• Je ne mange pas de pommes. (“I don’t eat an apple.”)
  • Je ne mange pas dans la cuisine. (“I don’t eat in the kitchen.”)
  • Je ne mange pas vite. (“I don’t eat fast.”)

The same thing goes for other negative structures:

  • Je ne mange plus dans la cuisine. (“I don’t eat in the kitchen anymore.”)
  • Je ne mange jamais dans la cuisine. (“I never eat in the kitchen.”)

That’s how I learned negative sentences!

6. Practical Cases

Now, it’s time to practice everything we’ve been learning today! We’ll take it slow and do it step-by-step. At any time, feel free to go back through the article if you’re having doubts.

(Video) 600 French Words for Everyday Life - Basic Vocabulary #30

Try to come up with the French translations for these sentences. You can use a conjugation table if you’re not sure how to deal with parler (“to speak”).

1. “We speak.” – _________________

2. “We speak French.” – _________________

3. “We speak French slowly.” – _________________

4. “We speak French slowly with her.” – _________________

5. “We speak with her in the kitchen.” – _________________

6. “After dinner, we speak with her in the kitchen.” – _________________

7. “We never speak with her in the kitchen.” – _________________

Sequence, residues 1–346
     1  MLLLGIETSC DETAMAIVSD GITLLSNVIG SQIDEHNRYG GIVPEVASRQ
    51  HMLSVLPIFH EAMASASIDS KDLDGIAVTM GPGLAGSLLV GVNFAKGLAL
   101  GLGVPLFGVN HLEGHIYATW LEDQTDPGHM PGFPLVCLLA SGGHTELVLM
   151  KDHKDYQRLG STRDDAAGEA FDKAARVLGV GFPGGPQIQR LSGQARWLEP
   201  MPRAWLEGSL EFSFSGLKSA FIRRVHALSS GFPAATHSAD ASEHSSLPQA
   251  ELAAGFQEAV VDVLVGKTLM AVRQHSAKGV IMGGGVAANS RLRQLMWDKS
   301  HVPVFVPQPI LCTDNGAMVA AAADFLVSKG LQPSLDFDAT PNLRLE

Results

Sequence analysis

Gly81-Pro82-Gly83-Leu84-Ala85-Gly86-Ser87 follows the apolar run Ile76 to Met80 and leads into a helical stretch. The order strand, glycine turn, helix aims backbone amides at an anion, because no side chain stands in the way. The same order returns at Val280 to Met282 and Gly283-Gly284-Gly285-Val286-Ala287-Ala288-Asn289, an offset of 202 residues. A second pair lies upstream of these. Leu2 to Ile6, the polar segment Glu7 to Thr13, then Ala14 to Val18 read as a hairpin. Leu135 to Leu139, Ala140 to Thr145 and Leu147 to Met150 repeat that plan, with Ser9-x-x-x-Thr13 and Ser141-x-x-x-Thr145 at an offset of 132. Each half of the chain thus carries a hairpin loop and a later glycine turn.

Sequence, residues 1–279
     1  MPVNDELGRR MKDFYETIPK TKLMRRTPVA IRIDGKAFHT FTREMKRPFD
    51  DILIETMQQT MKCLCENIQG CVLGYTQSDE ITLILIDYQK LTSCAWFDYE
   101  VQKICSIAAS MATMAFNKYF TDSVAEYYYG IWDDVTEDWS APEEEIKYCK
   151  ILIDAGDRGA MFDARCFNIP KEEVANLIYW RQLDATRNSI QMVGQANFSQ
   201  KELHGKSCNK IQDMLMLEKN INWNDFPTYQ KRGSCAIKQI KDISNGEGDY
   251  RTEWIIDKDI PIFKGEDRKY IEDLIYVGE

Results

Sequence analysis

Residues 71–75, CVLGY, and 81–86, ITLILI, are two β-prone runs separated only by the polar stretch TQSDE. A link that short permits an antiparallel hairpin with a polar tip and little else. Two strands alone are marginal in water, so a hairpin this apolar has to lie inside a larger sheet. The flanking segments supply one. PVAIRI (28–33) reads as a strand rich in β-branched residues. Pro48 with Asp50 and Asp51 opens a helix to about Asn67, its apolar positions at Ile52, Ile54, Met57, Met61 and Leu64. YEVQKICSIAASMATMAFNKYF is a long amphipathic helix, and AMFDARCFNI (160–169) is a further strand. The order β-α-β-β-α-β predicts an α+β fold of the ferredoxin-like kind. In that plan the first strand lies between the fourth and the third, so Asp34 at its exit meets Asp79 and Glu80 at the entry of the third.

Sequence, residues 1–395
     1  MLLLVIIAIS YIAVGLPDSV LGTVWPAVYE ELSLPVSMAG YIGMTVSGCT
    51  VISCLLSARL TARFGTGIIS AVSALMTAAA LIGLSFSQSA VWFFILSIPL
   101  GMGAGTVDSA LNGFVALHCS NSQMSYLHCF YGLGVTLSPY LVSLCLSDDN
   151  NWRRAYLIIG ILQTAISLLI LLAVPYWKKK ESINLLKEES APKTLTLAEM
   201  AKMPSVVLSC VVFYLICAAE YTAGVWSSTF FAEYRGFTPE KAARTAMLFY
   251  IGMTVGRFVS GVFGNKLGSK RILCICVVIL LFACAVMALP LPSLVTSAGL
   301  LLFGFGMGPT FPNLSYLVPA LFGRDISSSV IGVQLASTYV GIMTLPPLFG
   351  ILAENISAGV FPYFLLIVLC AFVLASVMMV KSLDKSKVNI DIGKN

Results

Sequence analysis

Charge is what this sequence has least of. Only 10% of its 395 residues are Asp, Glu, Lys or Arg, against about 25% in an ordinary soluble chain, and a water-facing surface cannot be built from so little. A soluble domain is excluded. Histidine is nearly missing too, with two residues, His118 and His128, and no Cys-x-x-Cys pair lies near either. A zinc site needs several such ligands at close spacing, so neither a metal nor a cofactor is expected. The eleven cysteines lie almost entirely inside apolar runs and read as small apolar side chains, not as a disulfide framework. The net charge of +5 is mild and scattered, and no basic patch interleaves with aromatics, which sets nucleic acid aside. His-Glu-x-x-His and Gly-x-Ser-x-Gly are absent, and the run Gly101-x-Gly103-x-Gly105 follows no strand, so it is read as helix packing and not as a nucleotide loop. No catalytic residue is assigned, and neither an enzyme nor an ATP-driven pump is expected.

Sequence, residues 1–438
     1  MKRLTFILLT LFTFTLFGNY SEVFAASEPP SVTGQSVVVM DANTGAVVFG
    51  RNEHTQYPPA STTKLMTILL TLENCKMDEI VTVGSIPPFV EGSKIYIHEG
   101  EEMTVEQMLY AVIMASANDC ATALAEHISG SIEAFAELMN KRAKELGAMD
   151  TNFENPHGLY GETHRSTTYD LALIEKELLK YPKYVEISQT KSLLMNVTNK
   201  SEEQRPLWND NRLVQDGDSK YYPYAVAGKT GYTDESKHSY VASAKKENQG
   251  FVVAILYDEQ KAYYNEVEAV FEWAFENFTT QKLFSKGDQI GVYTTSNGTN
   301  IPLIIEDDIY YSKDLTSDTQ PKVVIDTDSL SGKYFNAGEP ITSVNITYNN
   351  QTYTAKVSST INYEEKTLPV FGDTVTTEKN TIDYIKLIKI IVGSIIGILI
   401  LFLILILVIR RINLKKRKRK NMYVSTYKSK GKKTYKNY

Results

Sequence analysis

8. “Do you speak with her in the kitchen?” – _________________


“Where do I put these verbs again?”

“Where do I put these verbs again?”

[SPOILER] And here are the translations:

  1. “We speak.” – Nous parlons
  2. “We speak French.” – Nous parlons Français.
  3. “We speak French slowly.” – Nous parlons Français lentement.
  4. “We speak French slowly with her.” – Nous parlons Français lentement avec elle.
  5. “We speak with her in the kitchen.” – Nous parlons Français avec elle dans la cuisine.
  6. “After dinner, we speak with her in the kitchen.” – Après dîner, nous parlons avec dans la cuisine.
  7. “We never speak with her in the kitchen.” – Nous ne parlons jamais avec elle dans la cuisine.
  8. “Do you speak with her in the kitchen?” – Est-ce que tu parles avec elle dans la cuisine ?

7. Le Mot De La Fin

In this guide, you’ve learned a lot about French word order and the correct French sentence structures, from the basics to the most advanced parts such as French pronoun order.

Did we forget any important structure you would like to learn about? Do you feel ready to assemble ambitious sentences, using everything you’ve learned today?

As we’ve seen with the exercises, a good way to practice French word order is to start easy and slowly build up to complex sentences, one piece at a time.